Coronavirus Cases in US, Elsewhere Rise as China's Crisis Wanes

Virus clusters in the United States led schools and subways to sanitize, quickened the search for a vaccine and spread fears of vulnerability among nursing home residents.

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The coronavirus spread deep into Iran's government, South Korea ramped up its fight against the epidemic by starting drive-thru testing, and seven major economies tried to shore up global confidence Tuesday with a pledge to use “all appropriate tools" to counter the economic fallout.

Mushrooming outbreaks in the Mideast, Europe and South Korea contrasted with optimism in China, where thousands of recovered patients were going home. Virus clusters in the United States led schools and subways to sanitize, quickened the search for a vaccine and spread fears of vulnerability among nursing home residents.

"We are in unchartered territory," said World Health Organization leader Tedros Adhanom Ghebreyesus.

The U.S. count of COVID-19 cases surpassed 100, spread across at least 11 states. There have been six deaths, all in Washington state.

New York Gov. Andrew Cuomo announced Tuesday health officials had confirmed the state's second case — and the first apparent community spread case. Cuomo warned that "it's inevitable that it'll continue to spread."

On Capitol Hill, aides said negotiations are nearing completion on an emergency bill to fund the development of a vaccine and offer disaster loans to businesses hurt by the crisis.

Surgeon General Jerome Adams, a leading public health official in the U.S., urged calm: “Caution, preparedness, but not panic.”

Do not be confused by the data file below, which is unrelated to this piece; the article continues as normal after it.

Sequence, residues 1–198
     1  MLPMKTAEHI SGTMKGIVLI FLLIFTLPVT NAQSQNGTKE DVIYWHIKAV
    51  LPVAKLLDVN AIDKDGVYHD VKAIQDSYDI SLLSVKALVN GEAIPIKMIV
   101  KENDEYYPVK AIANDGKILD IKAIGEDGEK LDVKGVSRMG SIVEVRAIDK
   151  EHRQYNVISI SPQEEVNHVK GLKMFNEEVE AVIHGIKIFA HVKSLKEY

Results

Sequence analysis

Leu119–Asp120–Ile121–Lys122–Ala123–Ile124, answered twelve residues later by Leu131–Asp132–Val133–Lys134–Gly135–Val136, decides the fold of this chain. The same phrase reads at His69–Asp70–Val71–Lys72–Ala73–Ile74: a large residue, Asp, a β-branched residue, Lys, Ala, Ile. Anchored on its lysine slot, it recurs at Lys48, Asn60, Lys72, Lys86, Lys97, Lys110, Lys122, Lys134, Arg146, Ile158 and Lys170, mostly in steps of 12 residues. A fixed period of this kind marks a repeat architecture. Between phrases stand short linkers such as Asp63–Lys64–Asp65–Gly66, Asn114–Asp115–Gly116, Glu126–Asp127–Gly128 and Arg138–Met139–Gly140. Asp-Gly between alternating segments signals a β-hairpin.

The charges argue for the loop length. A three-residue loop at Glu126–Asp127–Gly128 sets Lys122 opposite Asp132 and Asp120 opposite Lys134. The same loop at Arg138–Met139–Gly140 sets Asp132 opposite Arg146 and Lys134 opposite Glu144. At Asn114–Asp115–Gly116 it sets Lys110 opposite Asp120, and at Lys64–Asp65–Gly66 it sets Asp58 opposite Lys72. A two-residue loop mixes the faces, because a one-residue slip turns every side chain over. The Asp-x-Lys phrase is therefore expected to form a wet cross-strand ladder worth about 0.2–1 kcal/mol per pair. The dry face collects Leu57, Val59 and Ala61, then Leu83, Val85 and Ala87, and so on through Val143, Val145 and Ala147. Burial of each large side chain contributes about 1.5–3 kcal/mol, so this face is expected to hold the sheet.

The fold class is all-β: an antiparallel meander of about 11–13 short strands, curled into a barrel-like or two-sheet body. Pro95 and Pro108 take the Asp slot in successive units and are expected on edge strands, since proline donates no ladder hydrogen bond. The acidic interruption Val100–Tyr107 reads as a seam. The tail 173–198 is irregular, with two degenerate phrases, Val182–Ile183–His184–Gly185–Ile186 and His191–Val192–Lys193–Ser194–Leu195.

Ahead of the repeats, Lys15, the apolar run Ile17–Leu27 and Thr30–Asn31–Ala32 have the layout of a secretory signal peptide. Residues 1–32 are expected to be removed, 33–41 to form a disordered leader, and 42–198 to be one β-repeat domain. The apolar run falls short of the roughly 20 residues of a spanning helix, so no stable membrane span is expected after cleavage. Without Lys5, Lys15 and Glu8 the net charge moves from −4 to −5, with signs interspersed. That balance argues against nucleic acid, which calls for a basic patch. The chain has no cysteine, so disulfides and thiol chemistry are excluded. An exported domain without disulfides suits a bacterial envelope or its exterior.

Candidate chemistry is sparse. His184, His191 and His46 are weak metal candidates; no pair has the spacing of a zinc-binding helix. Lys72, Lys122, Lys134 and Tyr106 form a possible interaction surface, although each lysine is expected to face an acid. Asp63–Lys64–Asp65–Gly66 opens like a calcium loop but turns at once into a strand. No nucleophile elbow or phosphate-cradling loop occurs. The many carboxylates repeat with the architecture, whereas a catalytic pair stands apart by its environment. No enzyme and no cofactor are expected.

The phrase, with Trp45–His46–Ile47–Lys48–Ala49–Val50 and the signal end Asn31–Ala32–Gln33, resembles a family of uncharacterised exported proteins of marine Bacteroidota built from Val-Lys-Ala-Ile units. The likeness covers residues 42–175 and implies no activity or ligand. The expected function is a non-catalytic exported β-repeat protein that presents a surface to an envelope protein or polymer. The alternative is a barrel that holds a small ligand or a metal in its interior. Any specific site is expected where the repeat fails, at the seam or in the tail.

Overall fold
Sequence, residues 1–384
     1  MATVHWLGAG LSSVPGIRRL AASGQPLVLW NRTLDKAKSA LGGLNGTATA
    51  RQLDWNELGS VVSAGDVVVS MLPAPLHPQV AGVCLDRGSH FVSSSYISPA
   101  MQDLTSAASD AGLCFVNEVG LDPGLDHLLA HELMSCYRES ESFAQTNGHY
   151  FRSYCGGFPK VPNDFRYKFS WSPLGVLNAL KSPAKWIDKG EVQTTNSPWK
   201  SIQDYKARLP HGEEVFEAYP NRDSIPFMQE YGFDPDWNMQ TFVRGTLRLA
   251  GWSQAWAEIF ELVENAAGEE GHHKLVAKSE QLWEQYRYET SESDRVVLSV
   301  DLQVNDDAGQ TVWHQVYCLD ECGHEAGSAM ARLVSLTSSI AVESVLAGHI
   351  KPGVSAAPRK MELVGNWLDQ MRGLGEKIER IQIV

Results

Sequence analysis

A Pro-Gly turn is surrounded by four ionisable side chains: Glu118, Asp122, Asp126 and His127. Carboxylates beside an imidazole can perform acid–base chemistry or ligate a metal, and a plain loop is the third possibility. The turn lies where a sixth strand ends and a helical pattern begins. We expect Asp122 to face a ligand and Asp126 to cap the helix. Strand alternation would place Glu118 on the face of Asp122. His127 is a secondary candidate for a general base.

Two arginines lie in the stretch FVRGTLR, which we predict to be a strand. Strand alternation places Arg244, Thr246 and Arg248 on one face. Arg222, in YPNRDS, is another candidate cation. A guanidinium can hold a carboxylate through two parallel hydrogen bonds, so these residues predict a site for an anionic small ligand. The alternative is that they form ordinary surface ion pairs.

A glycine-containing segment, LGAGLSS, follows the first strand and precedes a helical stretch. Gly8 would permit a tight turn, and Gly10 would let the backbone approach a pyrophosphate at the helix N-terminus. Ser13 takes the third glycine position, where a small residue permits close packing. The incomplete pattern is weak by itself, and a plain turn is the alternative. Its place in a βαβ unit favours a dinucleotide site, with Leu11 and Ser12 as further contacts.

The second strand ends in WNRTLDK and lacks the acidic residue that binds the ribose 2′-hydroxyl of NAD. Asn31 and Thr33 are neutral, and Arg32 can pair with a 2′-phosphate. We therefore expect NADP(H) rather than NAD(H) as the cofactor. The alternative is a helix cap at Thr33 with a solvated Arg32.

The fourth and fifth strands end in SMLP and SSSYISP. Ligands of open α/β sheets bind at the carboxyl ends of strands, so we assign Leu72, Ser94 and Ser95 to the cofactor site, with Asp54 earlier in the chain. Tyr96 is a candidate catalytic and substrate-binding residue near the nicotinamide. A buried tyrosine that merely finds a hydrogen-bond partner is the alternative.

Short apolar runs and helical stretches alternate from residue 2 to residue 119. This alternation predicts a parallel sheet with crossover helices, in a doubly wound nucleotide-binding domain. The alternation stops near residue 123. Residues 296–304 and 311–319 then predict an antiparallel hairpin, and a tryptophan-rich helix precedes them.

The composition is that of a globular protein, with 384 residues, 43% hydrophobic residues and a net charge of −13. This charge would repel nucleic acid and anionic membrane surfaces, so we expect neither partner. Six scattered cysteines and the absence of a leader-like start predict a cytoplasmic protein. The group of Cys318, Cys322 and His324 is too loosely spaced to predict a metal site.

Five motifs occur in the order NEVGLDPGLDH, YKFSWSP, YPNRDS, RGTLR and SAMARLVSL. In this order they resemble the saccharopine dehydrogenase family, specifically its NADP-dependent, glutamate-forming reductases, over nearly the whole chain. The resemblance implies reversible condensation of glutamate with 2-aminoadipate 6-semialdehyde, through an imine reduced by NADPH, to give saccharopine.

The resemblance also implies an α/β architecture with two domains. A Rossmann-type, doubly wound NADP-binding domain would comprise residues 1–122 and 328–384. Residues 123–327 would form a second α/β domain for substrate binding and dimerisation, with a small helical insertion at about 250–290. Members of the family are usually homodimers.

Iran's supreme leader ordered the military to assist health officials in fighting the virus, which authorities say has killed 77 people — the deadliest outbreak outside China.

Among the dead in Iran are a confidant of Ayatollah Ali Khamenei, Iran’s former ambassador to the Vatican and a recently elected member of parliament. The sick include 23 members of parliament and the head of the country's emergency services, state media reported.

Iran’s judiciary chief, Ebrahim Raisi, said some people are stockpiling medical supplies for profit and urged prosecutors to show no mercy.

“Hoarding sanitizing items is playing with people’s lives, and it is not ignorable,” he said.

As fears around the coronavirus continue to rise in South Korea, long lines formed as people looked to buy face masks to help prevent the spread of the virus.

France's finance minister ordered an investigation into possible price spikes for sanitizer and masks and warned that binge-shopping for household essentials could trigger shortages.

South Korea saw its largest daily increase in new cases Tuesday, with 851 more infections reported, largely in and around the southeastern city of Daegu. In all, 5,186 in South Korea have tested positive for the virus.